School violence, although generally decreasing in the United States, is under-reported in many schools, according to a new report from the Reason Foundation. School crime data are largely unavailable and incidences of violence often downplayed.
“As a parent you are far more likely to find crime data about your child’s school in the newspapers than you are on the district’s Web site,” stated Lisa Snell, author of the report, in a January 27 news release.
Snell is director of education at Reason. Her report, School Violence and No Child Left Behind: Best Practices to Keep Kids Safe, was released in January 2005.
Statistics Inconsistent, Dubious
Snell’s analysis points to inconsistencies in reporting and defining school violence.
“Forty-four states and the District of Columbia reported not a single unsafe school,” the report states. “Yet there were nearly 1.5 million crimes in America’s schools in 2002.”
A combination of factors, including negligent reporting and withheld data, help explain the discrepancy, noted Snell.
“Unless someone files a Freedom of Information Act request, there is no way the public will know the true number of incidents,” Snell said. “Even when the violence is reported, state definitions for what constitutes a dangerous school do not match the actual violence that occurs in schools.”
Statistics Required by Law
Under the No Child Left Behind Act (NCLB), states are required to develop objective criteria, such as data on firearms and fights, to be used along with trend analysis in identifying “persistently dangerous schools.”
Only 52 of the nation’s 92,000 public schools were labeled “persistently dangerous” under NCLB in the 2003-04 school year. While Snell acknowledges most school violence is concentrated in a few schools, she said the “persistently dangerous” figure is misleading.
In the report, she gives the example of Los Angeles’ Locke High School: 14 sex offenses, 53 robberies, and 22 assaults from 2000 to 2002, yet not labeled “persistently dangerous.” Instead of expulsion, Snell noted, dangerous students are given “opportunity transfers,” and the schools’ records remain clean.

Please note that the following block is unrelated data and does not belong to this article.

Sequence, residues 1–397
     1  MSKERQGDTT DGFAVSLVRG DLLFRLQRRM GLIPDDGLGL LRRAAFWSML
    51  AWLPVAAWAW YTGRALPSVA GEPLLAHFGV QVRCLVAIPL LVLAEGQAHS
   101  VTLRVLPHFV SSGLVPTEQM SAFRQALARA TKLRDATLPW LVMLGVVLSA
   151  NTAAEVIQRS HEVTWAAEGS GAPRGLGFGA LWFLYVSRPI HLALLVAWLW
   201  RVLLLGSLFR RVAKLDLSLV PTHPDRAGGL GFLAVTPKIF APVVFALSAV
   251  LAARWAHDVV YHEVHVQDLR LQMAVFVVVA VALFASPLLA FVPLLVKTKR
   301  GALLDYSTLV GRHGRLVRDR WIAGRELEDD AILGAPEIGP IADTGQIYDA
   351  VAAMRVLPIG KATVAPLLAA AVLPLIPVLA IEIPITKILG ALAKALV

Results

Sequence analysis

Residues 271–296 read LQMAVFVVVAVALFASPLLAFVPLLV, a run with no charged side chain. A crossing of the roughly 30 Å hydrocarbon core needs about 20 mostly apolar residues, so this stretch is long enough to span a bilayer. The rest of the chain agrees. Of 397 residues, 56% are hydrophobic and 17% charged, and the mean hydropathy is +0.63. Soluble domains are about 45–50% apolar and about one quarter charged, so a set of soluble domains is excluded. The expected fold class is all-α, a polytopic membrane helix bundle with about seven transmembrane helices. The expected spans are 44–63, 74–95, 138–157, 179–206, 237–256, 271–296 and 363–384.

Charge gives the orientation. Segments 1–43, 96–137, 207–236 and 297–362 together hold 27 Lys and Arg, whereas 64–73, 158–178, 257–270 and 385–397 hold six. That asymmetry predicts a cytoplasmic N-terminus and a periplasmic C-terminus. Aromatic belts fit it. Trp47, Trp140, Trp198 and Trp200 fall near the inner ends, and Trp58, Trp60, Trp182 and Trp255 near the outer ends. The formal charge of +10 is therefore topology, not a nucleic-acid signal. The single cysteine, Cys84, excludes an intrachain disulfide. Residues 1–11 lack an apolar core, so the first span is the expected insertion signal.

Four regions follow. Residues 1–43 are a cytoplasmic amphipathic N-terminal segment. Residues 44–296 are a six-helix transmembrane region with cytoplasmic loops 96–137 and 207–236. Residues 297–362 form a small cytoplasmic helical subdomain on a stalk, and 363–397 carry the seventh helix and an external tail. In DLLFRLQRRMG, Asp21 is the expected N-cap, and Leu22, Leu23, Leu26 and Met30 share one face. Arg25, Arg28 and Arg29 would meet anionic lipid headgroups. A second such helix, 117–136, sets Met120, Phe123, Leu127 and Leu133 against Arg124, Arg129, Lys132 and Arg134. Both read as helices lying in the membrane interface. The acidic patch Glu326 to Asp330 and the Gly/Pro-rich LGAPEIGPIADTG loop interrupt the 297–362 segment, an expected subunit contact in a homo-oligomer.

“Schools consistently underreport violence figures and then make it extremely difficult for parents to learn what criminal activity is taking place on campus,” Snell stated. “Districts are essentially lying to parents about the reality of school violence.”
In her analysis of 80 large school districts across the country, Snell concludes 75 percent of them have no school crime data available through district or state-level Web sites. Florida is a notable exception; every school in the state must provide parents with crime data. Even there, however, the data are self-reported by schools.
Decentralization, Choice Called For
Snell offers several recommendations for improving school safety and communicating more effectively with parents. School choice, she argues, is a critical component.
“The act of choosing and the related imperative for schools to make themselves ‘choice-worthy’ is the key to any serious anti-violence policy,” Snell writes. “Forced assignment to schools and the resulting mismatches and detachment beget boredom and violence and create schools that are unresponsive to parental demands for safer schools.”
Snell also proposes several reporting-specific improvements, among them creating uniform standards, making crime statistics part of school report cards, and reporting crime in a timely fashion.
“Our general conclusion was to encourage innovation and experimentation in schools through decentralization and deregulation. Incentives matter, so effectively addressing school violence must include some level of parental choice,” Snell said.
Kate McGreevy ([email protected]) is a freelance education writer from Indiana. She formerly worked with the Cesar Chavez Public Charter High School for Public Policy in Washington, DC.
For more information …
School Violence and No Child Left Behind: Best Practices to Keep Kids Safe is available online at Reason Foundation’s Web site, http://www.rppi.org/ps330.pdf.